Materials and Methods

The studied material has been collected from the lower bone horizon of the "Trias" Documentation Site in Krasiejów [24,33,34], during excavation field works organized and conducted by the Laboratory of Paleobiology of the Opole University since the year 2000. Bones occur in about 0,8 m thick, grey to red unstructured clay/mud layer, only slightly lithified, which is underlain by red paleosoil and covered in places by thin (0-10 cm), discontinuous limestone of pedogenic origin. The sediment consists of clay minerals (illite, smectite, chlorite and palygorskite), subordinate grains of quartz, muscovite, feldspar, and some heavy minerals [35]. General sedimentologic and diagenetic characteristics show that the bone bed has been deposited as a mud flow [36] in an ephemeral flooding pool [33].

A skull, lower jaw, clavicle, interclavicle, 2 ribs, 8 long bones and 20 vertebral intercenters of metoposaurs were selected to make 76 thin sections (for both osteohistological and diagenetic purposes), which have been prepared at the Institute of Geology of the A. Mickiewicz University in Poznan (Poland) and at the Steinmann Institute für Paläontologie (Bonn University, Germany). The thin sections were examined with a standard petrographic microscope (Olympus Provis AX70) equipped with a digital camera. Simple SEM and EDS analyses have been additionally done to verify petrographic identification of mineral phases using Hitachi S-3700N apparatus.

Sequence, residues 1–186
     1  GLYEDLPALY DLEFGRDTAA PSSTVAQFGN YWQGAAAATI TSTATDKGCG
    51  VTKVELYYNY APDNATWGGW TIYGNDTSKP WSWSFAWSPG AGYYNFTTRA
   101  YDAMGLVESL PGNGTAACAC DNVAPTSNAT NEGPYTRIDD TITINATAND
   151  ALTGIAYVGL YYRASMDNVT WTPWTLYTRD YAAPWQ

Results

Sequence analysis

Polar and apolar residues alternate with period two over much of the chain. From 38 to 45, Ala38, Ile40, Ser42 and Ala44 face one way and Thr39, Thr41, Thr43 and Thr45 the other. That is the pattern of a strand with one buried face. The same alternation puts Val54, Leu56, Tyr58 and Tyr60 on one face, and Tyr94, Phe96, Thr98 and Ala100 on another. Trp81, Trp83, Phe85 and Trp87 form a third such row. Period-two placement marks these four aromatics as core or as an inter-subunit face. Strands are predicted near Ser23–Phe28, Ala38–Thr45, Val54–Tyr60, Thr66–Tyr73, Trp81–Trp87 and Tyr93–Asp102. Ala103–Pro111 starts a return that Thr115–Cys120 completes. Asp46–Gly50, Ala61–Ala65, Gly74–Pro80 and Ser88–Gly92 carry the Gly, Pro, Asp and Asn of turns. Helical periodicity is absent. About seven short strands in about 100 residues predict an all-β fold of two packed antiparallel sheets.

Results and Discussion

Primary pore spaces inside studied bones include medullary cavities, erosional rooms, components of the vascular system (nutrition vessels, primary and secondary osteons), and osteocyte lacunae together with Volkmann canals. Mineral infillings consist of surrounding sediment, pyrite, siderite, calcite and barite, however, the amount of particular type of infilling may vary in wide ranges among the bones. Only calcite occurs in every bone, and sometimes is the only mineral phase. In other bones, calcite is accompanied by one or more minerals. Sometimes, mineral infillings form a sequence, which is best developed in large medullary cavities and erosional rooms, starting from sediment and following by pyrite, siderite and calcite, and ending with barite. At the same time, small pore spaces in compact bone are usually filled with single mineral phase (pyrite or calcite) or with a pyrite-calcite association. Variation in the development of mineral infillings results from secondary deposition of bones coming from various primary diagenetic environments, and from different post-mortem history of particular specimens and their bones. The complete sequence refers to bones, which have been interpreted as buried together with soft tissues.

The complete sequence starts with surrounding sediment, which fills large vessels going through the cortex to internal cavities (Figure 1) and, in the cavities, it forms a thin, nearly isopachous padding around their surface (Figure 2). In all cases of infillings, sediment is cemented by calcium carbonate and, inside the cavities, additionally by pyrite.